Magic-Mushroom Compound Shows Potential for Treating Depression
A hallucinogenic compound called psilocybin, found in so-called magic mushrooms, has the potential to help treat people with depression one day, a small new study suggests.
However, experts caution that much more research is needed to prove psilocybin's effectiveness and safety for this purpose.
In the study, 12 people with depression were given psilocybin along with supportive talk therapy. Three months later, about half of the people had reduced symptoms of depression, the researchers found. Previously, the people in the study had not seen improvements in their depression after taking antidepressant medications. [11 Odd Facts About 'Magic' Mushrooms]
"This is the first time that psilocybin has been investigated as a potential treatment for major depression, lead study author Dr. Robin Carhart-Harris, a research fellow in the department of medicine at Imperial College London, said in a statement. "Treatment-resistant depression is common, disabling and extremely difficult to treat."
The 12 people in the study who were given psilocybin had depression for nearly 18 years, on average. They had treatment-resistant depression, which means that two previous courses of antidepressants had not helped them. Most of the participants had also previously received some form of talk therapy.
The people first took one low dose (10 milligrams) of psilocybin, as an oral capsule, and then received a second, higher dose (25 mg) a week later. After the participants took the capsules, they remained lying down, in a room with low lighting and music and with two psychiatrists sitting beside them. The psychiatrists provided the people with support and asked them how they were feeling throughout the process. [8 Tips for Dealing with a Depressed Spouse]
The psilocybin had side effects for the participants: Nine of the patients experienced confusion, four experienced nausea and another four had temporary headaches after taking the drug. Two people experienced mild and temporary paranoia. But overall, the people did not experience serious side effects after taking the drug, according to the study, published today (May 17) in the journal The Lancet.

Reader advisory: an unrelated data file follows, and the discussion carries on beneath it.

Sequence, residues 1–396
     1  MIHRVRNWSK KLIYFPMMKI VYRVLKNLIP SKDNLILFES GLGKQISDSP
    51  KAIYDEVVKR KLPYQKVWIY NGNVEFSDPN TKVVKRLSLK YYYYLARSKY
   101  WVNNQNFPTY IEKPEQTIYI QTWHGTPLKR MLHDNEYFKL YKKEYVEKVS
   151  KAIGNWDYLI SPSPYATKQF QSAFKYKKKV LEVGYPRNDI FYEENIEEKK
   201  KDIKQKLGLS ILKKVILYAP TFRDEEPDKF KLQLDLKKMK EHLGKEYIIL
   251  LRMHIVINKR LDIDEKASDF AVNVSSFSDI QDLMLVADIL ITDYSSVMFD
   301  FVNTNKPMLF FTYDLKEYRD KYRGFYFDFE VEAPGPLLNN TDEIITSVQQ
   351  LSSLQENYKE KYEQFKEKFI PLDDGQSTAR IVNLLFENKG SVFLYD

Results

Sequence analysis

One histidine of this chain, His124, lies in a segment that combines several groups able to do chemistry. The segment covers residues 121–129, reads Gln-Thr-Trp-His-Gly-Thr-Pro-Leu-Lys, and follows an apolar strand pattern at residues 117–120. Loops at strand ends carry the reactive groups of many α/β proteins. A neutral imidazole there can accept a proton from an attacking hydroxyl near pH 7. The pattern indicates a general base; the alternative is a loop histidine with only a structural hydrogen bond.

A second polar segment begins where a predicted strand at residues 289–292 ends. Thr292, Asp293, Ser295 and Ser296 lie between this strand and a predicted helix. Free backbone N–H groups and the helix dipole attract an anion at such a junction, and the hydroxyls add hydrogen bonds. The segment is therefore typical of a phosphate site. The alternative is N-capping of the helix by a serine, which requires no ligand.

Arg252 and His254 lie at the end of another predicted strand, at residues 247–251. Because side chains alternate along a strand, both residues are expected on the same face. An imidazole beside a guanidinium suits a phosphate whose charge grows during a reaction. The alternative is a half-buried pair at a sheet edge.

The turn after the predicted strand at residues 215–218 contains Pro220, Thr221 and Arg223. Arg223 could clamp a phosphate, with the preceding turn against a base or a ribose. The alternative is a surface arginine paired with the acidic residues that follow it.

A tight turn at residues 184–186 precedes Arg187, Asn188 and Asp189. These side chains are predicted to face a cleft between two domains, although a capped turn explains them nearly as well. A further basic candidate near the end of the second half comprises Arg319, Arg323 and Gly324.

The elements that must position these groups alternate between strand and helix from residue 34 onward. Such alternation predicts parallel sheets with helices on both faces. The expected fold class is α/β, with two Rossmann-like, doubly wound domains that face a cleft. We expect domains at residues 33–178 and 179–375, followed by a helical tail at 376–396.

When the researchers followed up with the patients a week later, they found that all of them had experienced at least some improvement in their symptoms of depression, and eight had experienced temporary remission of their symptoms, the researchers said.
By three months later, five of the participants had experienced some degree of relapse of their symptoms, the researchers found. But the other seven people continued to experienced improvement in their symptoms compared with before they had taken the psilocybin, including five who were still in remission.
Two limitations of this study were that the people knew they were receiving psilocybin, and that the study did not involve a comparison group that received a placebo, the researchers said. This means the placebo effect may have played a role in the results. [11 Surprising Facts About Placebos]
Moreover, because most of the participants had actively sought to become part of the study, they may have expected to experience some effect from the drug, the researchers noted. Moreover, five of the people had previously tried using psilocybin.
The researchers also stressed that the study was conducted in a carefully designed, positive environment, which included music, special lighting and psychiatric support, and that more research is needed to tease out the potential influence of these factors on the people's improvement from the effect of the drug itself. Further research should also look at how psilocybin's potential effectiveness compares to a placebo and other treatments that are currently used to treat depression, the researchers said.
"I think it is an interesting area to explore for the future," said Dr. Scott Krakower, a psychiatrist at Zucker Hillside Hospital in Glen Oaks, New York, who was not involved in the study. However, further research should be conducted with more people, he said.
Moreover, people should not expect that a single agent such as psilocybin will be a cure-all for depression, which is a complex condition whose treatment usually also involves some sort of talk therapy, he told Live Science.
Follow Agata Blaszczak-Boxe on Twitter. Follow Live Science @livescience, Facebook & Google+. Originally published on Live Science.
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